Spring Green Risotto

Whenever I heard “risotto” I always figured it meant “super complicated fancy food”.  But when I saw Ina Garten make it on Barefoot Contessa, I knew it was as easy as it looked.  It just takes a little babysitting on the stove.  And it is SO worth it!  Such an amazing comfort food.  It’s one of my favorite dishes EVER! We eat it as a meal, but you could have smaller portions and use it as a side.  The key ingredient, in my opinion, is homemade chicken stock.  It just improves this dish so much, giving it a depth of flavor unequaled in any store-bought stock, broth, or bouillon cube!

1 1/2 Tbsp. olive oil
1 1/2 Tbsp. butter
3 cups chopped leeks (about 2 leeks, using white and green parts)
1 1/2 cups Arborio rice
2 quarts simmering chicken stock (homemade if you can at all help it!)
1 pound thin asparagus, tough ends removed and cut into 1 1/2″ lengths
10 ounces frozen peas
1 tsp. fresh lemon zest
2 tsp. kosher salt
1 tsp. pepper
1 Tbsp. freshly squeezed lemon juice
1/3 cup mascarpone cheese
1/2 cup freshly grated Parmesan cheese (plus more for serving if desired)
3 Tbsp. minced fresh chives

1.  Heat the olive oil and butter in a large saucepan over medium heat.  Add the leeks and saute for 5-6 minutes until tender.  Add the rice and stir till all the rice has been coated with oil/butter.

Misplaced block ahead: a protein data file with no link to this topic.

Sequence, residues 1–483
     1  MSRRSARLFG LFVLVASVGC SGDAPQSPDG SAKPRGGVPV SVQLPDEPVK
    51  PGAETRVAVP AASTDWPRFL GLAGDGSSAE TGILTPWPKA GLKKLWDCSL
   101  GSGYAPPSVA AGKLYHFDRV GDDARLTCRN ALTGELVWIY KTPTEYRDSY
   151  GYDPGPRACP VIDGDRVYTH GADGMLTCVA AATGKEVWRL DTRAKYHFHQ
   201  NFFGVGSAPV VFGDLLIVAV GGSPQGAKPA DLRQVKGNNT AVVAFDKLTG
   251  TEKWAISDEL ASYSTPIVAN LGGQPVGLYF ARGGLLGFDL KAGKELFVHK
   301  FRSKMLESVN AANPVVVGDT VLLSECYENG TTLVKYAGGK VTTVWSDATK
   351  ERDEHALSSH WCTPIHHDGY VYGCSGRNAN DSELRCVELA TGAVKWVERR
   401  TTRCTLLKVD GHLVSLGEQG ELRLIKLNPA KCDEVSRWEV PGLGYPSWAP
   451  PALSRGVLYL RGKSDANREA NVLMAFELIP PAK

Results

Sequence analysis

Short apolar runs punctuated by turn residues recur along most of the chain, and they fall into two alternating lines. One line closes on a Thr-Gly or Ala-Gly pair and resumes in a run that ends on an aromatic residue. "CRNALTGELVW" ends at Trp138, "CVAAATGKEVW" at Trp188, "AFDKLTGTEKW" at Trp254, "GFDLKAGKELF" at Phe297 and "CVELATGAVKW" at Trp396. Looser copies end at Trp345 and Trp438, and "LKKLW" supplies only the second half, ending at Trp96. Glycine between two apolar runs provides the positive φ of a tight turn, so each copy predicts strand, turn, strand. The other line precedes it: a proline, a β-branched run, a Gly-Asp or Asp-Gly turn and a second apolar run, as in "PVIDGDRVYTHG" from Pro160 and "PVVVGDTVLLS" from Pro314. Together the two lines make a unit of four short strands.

2.  Add a ladle of chicken stock and simmer over medium to low heat, stirring constantly, until most of the stock has been absorbed.  Continue adding chicken stock, 2 ladles at a time, stirring almost constantly and waiting for the stock to be nearly absorbed before adding more.
3.  When the risotto has been cooking for 15 minutes, add the asparagus, peas, lemon zest, salt, and pepper. Continue cooking and adding stock, until rice is tender but still firm (another 10-15 minutes).
4.  Whisk lemon juice and mascarpone cheese together in a small bowl.  When the risotto is done, turn off the heat and stir in the mascarpone mixture, Parmesan cheese, and chives.  Allow to set aside a few minutes before serving.

Source:  adapted from Ina Garten’s recipe

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